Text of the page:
HOTW is moving to Mondays, don’t worry it will be back!
As Open Access week comes to a close, I’d like to encourage a bit of Friday fun focused on the issue of access to information and the skills needed to “find, retrieve, analyze and use this information”, information literacy. Under the branch of information literacy are subfields based on the type of information, including media and visual information. My doctoral research focused on media literacy, which is a vibrant area of investigation in education because of the exponential increase in non-traditional text and materials being used in teaching and learning environments. The series advisors for the MacArthur Foundation funded digital media and learning essays in Learning Race and Ethnicity: Youth and Digital Media explain that “media literacy involves not only ways of understanding, interpreting and critiquing media, but also the means for creative and social expression, online search and navigation, and a host of new technical skills” (Ito, Davidson, Jenkins, Lee, Eisenberg, and Weiss, 2007, p. viii). Media literacy as a social practice enables young people to “embrace multimodal forms, combining, and remixing visual images and video clips, words, sounds and songs, dance and gesture, and costume…[and use] their bodies as canvases in communication and self expression” (Burke & Hammett, 2009, p. 1).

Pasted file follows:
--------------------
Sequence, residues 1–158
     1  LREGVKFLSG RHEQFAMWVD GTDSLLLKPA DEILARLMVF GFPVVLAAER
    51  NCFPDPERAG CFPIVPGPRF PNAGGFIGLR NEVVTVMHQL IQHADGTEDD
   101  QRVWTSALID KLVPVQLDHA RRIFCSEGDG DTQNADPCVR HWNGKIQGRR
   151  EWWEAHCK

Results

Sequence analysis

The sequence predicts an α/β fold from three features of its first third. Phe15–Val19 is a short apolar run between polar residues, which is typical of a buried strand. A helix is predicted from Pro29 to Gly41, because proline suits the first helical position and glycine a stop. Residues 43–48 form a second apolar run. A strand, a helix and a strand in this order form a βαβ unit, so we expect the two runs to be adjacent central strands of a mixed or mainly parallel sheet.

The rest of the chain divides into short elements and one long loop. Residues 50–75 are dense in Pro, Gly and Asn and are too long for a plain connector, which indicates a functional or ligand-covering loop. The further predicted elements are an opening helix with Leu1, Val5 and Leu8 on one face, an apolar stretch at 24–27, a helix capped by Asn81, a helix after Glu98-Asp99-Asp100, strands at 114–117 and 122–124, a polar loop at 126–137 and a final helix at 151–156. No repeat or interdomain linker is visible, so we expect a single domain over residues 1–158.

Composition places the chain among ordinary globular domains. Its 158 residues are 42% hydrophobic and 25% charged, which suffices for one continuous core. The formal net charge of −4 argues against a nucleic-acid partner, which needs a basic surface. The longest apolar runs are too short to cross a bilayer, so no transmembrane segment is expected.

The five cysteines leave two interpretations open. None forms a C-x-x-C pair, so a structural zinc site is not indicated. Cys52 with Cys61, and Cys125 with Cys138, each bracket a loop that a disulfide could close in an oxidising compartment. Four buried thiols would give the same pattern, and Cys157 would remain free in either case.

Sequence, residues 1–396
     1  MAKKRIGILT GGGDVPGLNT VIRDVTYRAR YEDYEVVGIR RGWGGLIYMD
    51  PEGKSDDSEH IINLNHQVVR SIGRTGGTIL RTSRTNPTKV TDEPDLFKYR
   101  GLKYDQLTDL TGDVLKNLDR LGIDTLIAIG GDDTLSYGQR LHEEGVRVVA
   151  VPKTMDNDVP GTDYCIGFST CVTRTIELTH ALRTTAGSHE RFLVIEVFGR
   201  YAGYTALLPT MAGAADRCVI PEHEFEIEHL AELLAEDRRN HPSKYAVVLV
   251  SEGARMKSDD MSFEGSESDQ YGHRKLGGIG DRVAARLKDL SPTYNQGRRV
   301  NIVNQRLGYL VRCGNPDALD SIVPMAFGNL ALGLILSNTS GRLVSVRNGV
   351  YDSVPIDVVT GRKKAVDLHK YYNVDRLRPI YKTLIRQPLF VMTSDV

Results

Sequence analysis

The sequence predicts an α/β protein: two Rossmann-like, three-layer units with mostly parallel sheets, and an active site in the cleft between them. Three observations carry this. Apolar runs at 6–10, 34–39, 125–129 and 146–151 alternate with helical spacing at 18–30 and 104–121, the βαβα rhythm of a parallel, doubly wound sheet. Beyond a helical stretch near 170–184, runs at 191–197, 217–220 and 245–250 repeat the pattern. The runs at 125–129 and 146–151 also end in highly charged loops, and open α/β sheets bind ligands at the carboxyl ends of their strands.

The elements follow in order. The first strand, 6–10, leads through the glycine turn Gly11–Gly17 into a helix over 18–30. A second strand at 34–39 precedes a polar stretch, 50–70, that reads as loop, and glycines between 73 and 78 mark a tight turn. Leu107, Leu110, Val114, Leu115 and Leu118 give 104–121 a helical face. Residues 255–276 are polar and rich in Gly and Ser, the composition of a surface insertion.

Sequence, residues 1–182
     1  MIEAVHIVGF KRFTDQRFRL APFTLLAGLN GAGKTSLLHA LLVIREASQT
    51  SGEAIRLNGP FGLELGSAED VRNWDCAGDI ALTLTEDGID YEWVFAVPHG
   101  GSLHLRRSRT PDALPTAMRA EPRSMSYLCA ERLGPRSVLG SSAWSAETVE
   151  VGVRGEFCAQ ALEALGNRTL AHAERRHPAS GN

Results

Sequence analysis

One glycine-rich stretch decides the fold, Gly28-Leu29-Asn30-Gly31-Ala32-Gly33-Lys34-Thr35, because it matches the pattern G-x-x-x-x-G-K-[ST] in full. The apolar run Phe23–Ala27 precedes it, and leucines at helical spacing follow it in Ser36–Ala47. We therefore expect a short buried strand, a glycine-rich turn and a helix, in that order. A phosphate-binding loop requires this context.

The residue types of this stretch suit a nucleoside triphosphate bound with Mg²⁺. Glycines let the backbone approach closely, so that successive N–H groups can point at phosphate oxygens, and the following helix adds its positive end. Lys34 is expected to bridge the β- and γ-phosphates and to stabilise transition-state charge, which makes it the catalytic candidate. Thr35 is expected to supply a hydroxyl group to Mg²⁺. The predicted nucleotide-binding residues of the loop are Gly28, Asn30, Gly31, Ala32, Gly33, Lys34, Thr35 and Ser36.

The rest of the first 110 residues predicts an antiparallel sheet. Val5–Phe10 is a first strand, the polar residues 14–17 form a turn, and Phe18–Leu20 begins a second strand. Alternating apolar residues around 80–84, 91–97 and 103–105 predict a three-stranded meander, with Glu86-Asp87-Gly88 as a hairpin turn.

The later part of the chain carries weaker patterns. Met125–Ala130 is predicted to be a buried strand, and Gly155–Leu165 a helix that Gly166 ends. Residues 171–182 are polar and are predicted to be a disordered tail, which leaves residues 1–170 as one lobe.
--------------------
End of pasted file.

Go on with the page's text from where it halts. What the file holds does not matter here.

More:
The most recent edition of Keeping Up With…, an online current awareness publication from the Association of College and Research Libraries (ACRL) featuring concise briefs on trends in academic librarianship and higher education, focused on the issue of visual literacy. ACRL defines visual literacy as a
set of abilities that enables an individual to effectively find, interpret, evaluate, use, and create images and visual media. Visual literacy skills equip a learner to understand and analyze the contextual, cultural, ethical, aesthetic, intellectual, and technical components involved in the production and use of visual materials. (Visual Literacy Definition)
Like media literacy, visual literacy skills can be cultivated by informationists. The January 2013 article Visual Literacy Standards in Higher Education: New Opportunities for Libraries and Student Learning provide an outline for visual literacy outcomes and present opportunities for libraries to expand their role in student learning through standards-based teaching and assessment.
Informationists can, and should, take up the role of ensuring their users have the necessary visual literacy skills to ensure complete engagement with the information that surrounds them.
Burke, A. & Hammett, R.F. (2009) Introduction: rethinking assessment from the perspectives of new literacies. In A. Burke & R.F. Hammett (Eds.), Assessing new literacies: Perspectives from the classroom (pp. 1-13). New York, NY: Peter Lang.
Ito, M., Davidson, C., Jenkins, H., Lee, C., Eisenberg, M., & Weiss, J. (2007) Foreword. In A. Everett (Ed.), Learning race and ethnicity: Youth and digital media (pp. vi-ix). Cambridge, MA: The MIT Press.